At Summerland he has given the large façades a domestic character by large hipped, tiled roofs with deep eaves, generous balconies and small Georgian panes in the upper window-sashes.

This site is part of the first block sold in the first Crown Land sale in St Kilda, as early as December 1842: sought-after from those earliest days.  The buyer, Lieutenant James Ross Lawrence, RN was captain of the schooner Lady of St Kilda, from which the suburb took its name. Captain Lawrence named Acland Street after Sir Thomas Dyke Acland, the ship’s owner. 

Acland’s ship was named for Lady Grange. In 1734, it is said that she was imprisoned by her husband for seventeen years on the St Kilda group of islands, the westernmost point of the British Isles, and way beyond the Scottish Outer Hebrides. Only on his death could she be released. Her crime was in remonstrating with him about his schemes to restore the position of Bonnie Prince Charlie. There are seven islands in the group, but Hirta is by far the largest. It has not been continuously inhabited since 1930. Lady Grange was probably left on Hirta.

In August 1852, on the first crest of the Gold Rush, the architect George Wharton (c1822-1891) designed a house Summerland, for this site for its owner, Robert Bennett. Wharton was an extremely prolific designer of over 360 houses, commercial and religious buildings, between 1848 and his death in 1891, on his own and in three partnerships. His best-known building, bearing no resemblance to that Summerland, is the See Yup Temple in Raglan Street, South Melbourne (1866).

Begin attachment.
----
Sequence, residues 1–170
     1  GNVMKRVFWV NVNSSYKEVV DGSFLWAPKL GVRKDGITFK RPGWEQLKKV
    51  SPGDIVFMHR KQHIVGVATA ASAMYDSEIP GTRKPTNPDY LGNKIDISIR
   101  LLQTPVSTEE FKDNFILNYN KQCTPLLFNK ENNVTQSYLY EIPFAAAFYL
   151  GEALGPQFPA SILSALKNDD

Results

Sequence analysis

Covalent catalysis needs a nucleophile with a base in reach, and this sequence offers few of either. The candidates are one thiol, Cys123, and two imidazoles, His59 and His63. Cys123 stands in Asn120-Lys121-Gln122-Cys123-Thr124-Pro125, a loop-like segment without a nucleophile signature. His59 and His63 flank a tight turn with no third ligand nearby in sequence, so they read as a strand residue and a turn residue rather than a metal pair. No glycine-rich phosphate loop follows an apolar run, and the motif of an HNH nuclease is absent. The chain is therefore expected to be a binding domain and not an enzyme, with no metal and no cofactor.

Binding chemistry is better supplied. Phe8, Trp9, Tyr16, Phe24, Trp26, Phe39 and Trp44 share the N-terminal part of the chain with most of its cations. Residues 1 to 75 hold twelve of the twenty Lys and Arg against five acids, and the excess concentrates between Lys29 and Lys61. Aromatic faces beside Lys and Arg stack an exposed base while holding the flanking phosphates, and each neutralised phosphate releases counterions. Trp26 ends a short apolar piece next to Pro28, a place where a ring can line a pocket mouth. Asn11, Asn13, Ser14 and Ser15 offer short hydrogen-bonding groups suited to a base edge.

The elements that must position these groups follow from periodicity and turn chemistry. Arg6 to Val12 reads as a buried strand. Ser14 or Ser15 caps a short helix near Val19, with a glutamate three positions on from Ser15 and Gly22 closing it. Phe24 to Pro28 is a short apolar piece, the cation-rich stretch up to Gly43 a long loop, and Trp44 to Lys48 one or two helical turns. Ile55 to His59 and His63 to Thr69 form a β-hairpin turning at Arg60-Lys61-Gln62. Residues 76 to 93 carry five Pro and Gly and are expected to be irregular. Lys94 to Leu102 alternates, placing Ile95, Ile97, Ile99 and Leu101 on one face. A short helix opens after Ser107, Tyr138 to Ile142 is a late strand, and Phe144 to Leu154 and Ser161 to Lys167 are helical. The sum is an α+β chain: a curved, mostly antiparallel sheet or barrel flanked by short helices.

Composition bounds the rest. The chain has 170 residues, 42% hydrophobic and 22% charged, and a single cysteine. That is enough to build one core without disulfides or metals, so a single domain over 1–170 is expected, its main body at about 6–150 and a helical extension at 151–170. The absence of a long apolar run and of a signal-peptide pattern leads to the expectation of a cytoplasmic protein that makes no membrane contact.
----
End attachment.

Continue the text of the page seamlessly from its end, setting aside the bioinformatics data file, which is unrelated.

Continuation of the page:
The first St Kilda Rate Roll (1857) records Bennett’s property on the south-east corner of Acland and Fitzroy Streets of 16 rooms, a coach house and stables. The serene double-storied Regency house appears square in plan, of three bays. It had a hipped roof, a central Doric porch, projecting from an encircling verandah and a substantial iron palisade fence.

A later tenant of Summerland was the Hon. William Sheils (1848-1904), for the last 14 years of his life. He was a lawyer and from 1880, member of the Legislative Assembly for Normanby, an electorate which included Hamilton, Casterton and Coleraine. He was variously Minister for Railways, Treasurer and eventually, Premier of Victoria for 13 months until he resigned in January 1893, during the economic crash.

In 1890, the house was inherited by Georgina Wilson Fraser (née Watt). When she died in 1910, it was inherited by Elsie Rowe Crespin. The name of her husband, C.H.C. Crespin does not appear on the title.

The Crespins commissioned Cowper’s design.  It was built in two stages, both with façades symmetrical about a central entry.  The first block facing Fitzroy Street was completed in 1920.  This comprised six shops and the dining room, facing the street.  Each flat was 175m², double the size of many houses at that time.  The cantilevered canopy extending across the Fitzroy Street front, suspended from long tie-rods at 45 degrees, back to second-floor level, is an early surviving example.

Four more flats, even larger at 200m² each, were built in the two-storied block along Acland Street, in the next year.

Post-war rents at Summerland declined, as the suburb became less fashionable. The property had remained in single ownership, but from 1954, flats were individually sold.  But in 1988, the apartments were carefully renovated by architects Peter Johnson and Tony Walliss. The sleep-outs were made permanent and rebuilt to a unified design. Summerland remains prime St Kilda real estate.